Like the current White House, with its record number of prosecutions under the 1913 Espionage Act, the Nixon White House could also behave obsessively about leaks. In May 1969, when The New York Times revealed the secret bombing of Cambodia (not that it was secret to the Cambodians), Nixon ordered more than a dozen FBI wiretaps, but didn't find the leaker. So the White House created its own secret team, called the Plumbers Unit, to stop leaks by wiretapping, burglarizing, and any means necessary.

Thanks to Congress and 9/11, Obama Doesn't Need to Break the Law

But just because the president may not need to break the law, that doesn't mean his administration hasn't broken the law anyway.

The first wave of post-Watergate legislation in the early 1970s did much to make government more accountable and transparent, at least in principle. But the second wave of post-Watergate legislation has had a counter-revolutionary effect, expanding the powers of government and curtailing the freedoms of citizens, most notably in the fear-driven and wildly misnamed USA PATRIOT Act, but in many less sweeping but equally freedom-inhibiting bills as well.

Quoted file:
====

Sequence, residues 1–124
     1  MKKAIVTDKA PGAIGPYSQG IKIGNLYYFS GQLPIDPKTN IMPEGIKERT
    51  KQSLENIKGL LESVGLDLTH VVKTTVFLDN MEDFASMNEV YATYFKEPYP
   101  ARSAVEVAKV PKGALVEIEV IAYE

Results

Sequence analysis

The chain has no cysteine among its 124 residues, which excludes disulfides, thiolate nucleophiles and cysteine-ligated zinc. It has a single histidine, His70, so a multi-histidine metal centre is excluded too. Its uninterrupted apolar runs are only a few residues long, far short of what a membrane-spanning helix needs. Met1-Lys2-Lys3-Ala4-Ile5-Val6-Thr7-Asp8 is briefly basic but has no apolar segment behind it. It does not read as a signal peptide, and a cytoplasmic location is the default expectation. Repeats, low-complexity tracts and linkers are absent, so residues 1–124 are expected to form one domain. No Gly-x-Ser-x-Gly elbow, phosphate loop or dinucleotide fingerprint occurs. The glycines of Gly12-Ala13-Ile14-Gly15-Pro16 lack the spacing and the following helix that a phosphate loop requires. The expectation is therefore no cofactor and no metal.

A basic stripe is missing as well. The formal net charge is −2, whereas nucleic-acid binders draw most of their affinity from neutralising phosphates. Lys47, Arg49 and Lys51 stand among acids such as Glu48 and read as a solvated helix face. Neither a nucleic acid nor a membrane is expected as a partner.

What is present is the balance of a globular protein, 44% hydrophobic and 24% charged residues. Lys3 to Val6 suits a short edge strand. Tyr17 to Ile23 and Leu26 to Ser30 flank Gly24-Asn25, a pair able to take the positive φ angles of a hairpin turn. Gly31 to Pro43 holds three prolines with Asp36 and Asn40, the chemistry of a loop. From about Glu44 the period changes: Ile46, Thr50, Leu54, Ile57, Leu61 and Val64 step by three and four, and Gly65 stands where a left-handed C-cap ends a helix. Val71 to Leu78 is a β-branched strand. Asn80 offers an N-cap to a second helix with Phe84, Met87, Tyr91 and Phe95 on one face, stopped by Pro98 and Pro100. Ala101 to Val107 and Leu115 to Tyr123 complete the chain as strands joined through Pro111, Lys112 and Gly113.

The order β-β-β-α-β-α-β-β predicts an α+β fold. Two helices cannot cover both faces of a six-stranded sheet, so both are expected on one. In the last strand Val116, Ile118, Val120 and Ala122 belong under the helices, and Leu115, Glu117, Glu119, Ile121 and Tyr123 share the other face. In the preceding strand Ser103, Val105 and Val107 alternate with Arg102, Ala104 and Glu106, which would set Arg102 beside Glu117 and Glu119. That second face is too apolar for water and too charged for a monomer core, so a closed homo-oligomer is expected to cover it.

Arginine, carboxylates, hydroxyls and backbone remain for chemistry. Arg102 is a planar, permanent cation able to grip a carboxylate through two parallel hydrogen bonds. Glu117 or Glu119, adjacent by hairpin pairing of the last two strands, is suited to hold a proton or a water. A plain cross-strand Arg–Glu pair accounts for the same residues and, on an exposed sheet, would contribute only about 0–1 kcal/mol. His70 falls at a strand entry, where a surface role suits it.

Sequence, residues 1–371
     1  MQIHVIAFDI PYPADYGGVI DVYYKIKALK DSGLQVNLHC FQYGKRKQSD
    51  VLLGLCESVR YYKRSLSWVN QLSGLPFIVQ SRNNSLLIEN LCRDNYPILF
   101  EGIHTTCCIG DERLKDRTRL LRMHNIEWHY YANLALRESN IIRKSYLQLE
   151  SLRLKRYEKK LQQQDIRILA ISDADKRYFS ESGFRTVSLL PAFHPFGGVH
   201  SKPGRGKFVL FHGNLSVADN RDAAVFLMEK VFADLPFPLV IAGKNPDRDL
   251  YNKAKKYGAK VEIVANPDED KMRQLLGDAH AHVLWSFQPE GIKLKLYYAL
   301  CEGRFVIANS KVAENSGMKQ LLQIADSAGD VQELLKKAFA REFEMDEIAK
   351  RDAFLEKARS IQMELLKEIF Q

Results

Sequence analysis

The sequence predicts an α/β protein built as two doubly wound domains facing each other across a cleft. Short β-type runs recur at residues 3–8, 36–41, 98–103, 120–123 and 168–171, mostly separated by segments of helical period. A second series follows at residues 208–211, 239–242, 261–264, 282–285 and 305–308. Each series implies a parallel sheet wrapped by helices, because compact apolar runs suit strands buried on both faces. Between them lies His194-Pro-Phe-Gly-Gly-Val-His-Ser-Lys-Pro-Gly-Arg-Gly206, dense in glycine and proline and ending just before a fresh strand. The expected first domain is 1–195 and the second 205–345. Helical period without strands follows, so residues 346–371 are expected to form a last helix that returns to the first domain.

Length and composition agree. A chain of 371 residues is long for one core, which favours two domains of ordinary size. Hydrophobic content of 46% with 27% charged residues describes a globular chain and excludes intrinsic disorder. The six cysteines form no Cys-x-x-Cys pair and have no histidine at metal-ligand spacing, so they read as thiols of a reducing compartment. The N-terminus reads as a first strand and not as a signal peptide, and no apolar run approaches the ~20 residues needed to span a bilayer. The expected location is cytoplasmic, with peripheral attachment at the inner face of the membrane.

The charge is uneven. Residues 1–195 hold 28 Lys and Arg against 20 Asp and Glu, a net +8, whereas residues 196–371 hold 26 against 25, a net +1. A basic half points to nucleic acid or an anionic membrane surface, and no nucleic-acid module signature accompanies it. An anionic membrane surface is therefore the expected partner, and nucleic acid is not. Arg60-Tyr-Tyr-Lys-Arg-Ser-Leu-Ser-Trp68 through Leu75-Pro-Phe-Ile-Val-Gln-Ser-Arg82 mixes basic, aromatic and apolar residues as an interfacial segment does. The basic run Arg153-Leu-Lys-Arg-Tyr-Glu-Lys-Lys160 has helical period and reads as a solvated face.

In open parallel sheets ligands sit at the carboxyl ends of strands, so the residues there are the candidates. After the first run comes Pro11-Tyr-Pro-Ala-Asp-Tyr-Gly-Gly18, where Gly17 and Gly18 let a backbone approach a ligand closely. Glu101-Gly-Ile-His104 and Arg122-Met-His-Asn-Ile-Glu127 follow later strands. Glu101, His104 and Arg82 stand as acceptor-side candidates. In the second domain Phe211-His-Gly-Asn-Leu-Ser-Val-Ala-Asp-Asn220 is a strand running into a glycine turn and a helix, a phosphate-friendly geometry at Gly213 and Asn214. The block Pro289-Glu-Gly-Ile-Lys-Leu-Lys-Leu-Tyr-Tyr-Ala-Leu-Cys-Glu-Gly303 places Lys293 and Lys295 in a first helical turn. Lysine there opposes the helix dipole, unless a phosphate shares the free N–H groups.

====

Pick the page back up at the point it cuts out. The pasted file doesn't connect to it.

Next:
Most characteristic of the relationship of Americans and the law over the past three decades is the response to the Bush administration's illegal wiretapping of Americans – about which the Congress did nothing but make the activities legal and give the phone companies retroactive immunity from prosecution. This is what is generally referred to in popular demagoguery as"the rule of law."

By Now American Discourse Is Deep into Orwellian Obfuscation and Deceit